The town of Happy Valley-Goose Bay in Newfoundland, Canada, has denied two applications for a local data center.

The town previously shut down a facility run by the applicant, Crypto Boreas, for operating without the necessary permits.

The company used the site for mining Bitcoin and running unspecified artificial intelligence workloads.

Not a happy goose
– Sebastian Moss


Company owner Akm Moynul Haque filed two applications for potential data center sites: one on the grounds of the Amurak Golf Club, and another on the stretch of land along the Trans-Labrador Highway just below the MOT hill. But the former is zoned as commercial land, and the latter - rural.

“He’s asking council to approve one or the other,” Bert Pomeroy, Deputy Mayor of Happy Valley-Goose Bay, told the Labradorian.

“There was a lot of discussion on this at the committee level. It was felt that allowing a data center, particularly mobile data centers, to spring up in rural zones is not something the committee felt comfortable with.”

The facility was to be a modular data center housed in shipping containers.

“I have to try something,” Haque said. “The Town isn’t giving me any direction on how to pursue. I have taken out huge loans for this so I have to figure out something.”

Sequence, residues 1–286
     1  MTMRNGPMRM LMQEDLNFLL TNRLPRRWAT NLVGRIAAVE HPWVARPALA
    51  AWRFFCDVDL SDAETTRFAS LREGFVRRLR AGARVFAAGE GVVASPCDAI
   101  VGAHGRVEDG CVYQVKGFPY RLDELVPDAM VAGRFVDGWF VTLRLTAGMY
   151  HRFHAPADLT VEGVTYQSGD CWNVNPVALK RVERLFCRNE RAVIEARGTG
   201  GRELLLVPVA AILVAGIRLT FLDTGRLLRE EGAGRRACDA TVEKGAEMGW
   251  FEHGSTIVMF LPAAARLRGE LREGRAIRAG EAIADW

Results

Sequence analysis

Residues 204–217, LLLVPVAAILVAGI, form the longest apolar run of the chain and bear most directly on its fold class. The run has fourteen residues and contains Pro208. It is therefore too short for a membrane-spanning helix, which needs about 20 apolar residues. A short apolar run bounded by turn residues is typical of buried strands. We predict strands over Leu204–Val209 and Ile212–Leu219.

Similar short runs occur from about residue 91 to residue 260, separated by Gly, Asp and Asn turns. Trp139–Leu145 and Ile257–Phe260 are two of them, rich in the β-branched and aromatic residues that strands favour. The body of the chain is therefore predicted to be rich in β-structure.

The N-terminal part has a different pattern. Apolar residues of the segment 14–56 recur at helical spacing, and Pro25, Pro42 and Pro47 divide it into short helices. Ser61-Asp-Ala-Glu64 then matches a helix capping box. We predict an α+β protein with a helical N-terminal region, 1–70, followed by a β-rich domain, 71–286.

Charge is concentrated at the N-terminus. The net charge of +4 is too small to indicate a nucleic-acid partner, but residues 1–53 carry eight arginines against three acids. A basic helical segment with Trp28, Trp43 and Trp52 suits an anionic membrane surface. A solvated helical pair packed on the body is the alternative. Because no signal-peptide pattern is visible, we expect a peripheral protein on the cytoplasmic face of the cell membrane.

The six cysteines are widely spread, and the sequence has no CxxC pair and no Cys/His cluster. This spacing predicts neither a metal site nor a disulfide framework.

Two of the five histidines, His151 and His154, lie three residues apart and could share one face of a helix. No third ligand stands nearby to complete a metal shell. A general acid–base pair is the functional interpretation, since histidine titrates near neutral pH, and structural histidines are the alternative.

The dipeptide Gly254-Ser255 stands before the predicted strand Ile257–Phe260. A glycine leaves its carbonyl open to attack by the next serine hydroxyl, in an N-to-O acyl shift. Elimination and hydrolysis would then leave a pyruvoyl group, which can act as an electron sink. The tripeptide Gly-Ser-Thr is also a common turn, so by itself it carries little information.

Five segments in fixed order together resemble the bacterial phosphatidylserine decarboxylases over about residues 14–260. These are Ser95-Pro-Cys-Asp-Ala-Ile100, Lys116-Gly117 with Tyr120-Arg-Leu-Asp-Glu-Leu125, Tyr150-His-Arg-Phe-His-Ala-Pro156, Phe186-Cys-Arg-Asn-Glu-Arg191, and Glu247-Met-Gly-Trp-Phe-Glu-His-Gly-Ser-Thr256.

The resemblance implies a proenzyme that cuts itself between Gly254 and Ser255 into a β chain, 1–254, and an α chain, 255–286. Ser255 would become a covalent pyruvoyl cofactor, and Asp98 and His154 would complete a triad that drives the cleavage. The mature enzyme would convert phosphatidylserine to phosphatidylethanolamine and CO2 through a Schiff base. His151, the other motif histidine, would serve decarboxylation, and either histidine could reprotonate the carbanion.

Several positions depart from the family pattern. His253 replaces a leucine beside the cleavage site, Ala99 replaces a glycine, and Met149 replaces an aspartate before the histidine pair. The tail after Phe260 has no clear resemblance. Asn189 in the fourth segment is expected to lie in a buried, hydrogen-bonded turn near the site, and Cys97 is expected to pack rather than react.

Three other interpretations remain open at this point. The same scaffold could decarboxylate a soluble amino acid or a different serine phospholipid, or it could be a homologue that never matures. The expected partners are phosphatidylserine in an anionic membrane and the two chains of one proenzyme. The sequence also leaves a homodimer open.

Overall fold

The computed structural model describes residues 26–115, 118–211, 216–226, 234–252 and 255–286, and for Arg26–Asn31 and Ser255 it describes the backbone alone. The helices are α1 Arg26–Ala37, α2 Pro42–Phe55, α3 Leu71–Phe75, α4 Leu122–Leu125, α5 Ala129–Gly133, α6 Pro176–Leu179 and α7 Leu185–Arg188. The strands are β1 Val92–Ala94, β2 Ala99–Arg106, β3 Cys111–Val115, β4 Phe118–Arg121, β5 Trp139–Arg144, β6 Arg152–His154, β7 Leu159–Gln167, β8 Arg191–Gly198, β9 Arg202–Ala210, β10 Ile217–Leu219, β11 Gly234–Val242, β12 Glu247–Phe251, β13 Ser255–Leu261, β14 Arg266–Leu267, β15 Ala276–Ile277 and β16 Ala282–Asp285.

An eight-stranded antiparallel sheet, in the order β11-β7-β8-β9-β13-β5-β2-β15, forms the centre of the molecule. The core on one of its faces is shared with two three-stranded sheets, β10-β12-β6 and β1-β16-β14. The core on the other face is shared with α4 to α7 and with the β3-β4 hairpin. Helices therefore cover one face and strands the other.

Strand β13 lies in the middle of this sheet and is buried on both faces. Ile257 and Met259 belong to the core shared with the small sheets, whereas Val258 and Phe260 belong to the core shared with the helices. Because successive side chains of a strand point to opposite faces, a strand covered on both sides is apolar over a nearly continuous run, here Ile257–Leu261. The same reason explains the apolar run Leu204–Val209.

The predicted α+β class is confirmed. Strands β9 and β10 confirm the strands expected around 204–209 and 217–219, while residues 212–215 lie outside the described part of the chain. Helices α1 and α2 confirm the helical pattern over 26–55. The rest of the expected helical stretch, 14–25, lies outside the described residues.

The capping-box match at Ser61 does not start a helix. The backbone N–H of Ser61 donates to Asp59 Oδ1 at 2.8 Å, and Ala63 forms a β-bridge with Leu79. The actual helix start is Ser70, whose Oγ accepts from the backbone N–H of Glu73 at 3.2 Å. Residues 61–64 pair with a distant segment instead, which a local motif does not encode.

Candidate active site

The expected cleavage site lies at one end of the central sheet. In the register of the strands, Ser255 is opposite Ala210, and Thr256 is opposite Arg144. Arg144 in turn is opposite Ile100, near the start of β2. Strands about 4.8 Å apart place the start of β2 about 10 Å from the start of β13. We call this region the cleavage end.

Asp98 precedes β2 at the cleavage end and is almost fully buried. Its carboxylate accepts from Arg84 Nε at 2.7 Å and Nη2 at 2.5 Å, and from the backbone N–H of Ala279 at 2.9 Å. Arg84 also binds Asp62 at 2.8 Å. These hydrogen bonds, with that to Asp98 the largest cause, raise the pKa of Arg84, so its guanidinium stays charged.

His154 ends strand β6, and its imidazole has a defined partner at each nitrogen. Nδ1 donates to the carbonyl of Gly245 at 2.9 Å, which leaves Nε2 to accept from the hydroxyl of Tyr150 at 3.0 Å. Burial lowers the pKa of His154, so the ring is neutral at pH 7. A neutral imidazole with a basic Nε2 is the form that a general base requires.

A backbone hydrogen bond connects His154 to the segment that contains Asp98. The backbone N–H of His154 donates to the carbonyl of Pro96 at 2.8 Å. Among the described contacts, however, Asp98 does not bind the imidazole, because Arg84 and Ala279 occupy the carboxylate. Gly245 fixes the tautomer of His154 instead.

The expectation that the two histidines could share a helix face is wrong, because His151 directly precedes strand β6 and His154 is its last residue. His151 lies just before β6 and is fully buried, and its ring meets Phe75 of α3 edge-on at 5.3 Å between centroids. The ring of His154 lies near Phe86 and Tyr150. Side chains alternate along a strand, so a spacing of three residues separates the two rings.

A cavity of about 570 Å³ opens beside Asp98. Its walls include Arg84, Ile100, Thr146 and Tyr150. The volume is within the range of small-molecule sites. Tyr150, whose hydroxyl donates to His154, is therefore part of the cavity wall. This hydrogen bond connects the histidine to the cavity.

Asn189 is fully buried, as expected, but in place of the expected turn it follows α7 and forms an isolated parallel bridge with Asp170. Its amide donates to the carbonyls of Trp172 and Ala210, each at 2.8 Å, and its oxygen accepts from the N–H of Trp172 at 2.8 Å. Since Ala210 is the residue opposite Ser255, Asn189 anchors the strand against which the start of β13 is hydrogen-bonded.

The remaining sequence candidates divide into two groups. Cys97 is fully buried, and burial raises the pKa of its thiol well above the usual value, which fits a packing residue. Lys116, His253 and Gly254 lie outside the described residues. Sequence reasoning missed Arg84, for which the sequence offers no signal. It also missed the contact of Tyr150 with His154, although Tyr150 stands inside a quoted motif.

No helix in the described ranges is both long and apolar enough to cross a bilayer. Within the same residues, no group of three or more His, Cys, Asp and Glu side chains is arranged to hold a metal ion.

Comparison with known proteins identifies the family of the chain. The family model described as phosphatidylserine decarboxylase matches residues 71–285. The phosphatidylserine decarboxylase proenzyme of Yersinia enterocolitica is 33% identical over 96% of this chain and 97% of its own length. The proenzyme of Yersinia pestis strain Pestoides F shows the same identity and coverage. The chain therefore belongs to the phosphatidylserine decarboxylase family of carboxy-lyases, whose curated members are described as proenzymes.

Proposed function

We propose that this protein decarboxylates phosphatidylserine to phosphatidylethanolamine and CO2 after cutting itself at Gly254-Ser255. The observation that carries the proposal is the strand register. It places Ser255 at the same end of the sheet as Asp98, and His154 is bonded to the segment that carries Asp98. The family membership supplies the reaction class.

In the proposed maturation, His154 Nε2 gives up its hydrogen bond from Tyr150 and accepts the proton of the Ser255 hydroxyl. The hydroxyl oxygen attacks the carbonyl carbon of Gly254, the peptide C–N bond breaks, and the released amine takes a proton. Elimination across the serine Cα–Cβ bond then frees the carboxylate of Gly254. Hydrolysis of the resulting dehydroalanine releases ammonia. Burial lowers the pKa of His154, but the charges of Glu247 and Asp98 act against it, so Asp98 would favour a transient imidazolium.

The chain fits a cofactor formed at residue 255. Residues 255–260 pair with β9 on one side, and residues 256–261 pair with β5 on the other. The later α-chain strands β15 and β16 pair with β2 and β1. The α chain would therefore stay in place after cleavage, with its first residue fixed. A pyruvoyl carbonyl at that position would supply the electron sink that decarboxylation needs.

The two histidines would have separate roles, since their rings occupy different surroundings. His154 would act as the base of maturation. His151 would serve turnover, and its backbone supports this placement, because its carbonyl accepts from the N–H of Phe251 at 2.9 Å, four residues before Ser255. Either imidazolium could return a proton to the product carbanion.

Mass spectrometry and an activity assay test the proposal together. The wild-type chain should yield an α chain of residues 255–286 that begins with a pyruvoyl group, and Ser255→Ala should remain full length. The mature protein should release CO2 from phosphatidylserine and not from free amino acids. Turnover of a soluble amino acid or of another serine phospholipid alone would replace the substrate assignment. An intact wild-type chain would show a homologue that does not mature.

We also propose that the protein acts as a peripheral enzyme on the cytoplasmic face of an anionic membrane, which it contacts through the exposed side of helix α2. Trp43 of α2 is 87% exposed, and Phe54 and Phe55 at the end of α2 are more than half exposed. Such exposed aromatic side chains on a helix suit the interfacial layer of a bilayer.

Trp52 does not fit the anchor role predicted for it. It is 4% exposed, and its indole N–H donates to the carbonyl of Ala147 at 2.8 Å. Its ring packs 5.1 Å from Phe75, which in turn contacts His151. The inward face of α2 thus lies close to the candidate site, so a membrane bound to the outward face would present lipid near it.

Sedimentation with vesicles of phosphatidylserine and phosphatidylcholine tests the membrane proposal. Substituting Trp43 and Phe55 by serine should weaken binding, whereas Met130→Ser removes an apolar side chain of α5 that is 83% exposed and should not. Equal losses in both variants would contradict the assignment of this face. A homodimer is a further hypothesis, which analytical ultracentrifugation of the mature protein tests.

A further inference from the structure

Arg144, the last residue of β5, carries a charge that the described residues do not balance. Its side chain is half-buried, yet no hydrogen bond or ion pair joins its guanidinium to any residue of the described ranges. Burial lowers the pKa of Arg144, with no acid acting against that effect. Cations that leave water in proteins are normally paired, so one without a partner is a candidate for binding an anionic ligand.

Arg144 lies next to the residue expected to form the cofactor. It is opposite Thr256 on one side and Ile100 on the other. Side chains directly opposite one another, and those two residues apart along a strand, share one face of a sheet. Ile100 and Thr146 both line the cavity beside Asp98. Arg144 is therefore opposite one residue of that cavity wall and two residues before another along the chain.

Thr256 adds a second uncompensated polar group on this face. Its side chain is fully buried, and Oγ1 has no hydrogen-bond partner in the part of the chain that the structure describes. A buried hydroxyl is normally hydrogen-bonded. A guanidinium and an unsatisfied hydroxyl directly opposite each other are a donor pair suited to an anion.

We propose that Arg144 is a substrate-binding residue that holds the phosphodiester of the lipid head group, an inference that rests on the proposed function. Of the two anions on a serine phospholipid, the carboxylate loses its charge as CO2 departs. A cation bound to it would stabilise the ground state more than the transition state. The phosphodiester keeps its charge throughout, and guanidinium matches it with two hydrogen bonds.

Haque is also appealing the town's decision to issue a stop work order on the data center operated by the company illegally; for several years, the facility on St. Laurent Street was located in a Mixed Development area, not zoned for data centers.

“It has been three months now with the appeal and it doesn’t seem to be active on anything, I don’t know when that’s happening. It seems the town has a strong stance against investment here.”

In August, Haque told CBC Radio's Labrador Morning that he had "some deficiency in terms of paperwork," but had made an "honest mistake."

At the time, Pomeroy said that the town wasn't properly informed about the data center and only found out because of the amount of power it consumed. Relations between the data center operator and the town quickly deteriorated, even before the ban, with Mayor Nick Brown calling the 1.5-2MW facility a drain.

A previous version of this article referred to Great North Data, which also operates in the region, we regret the error.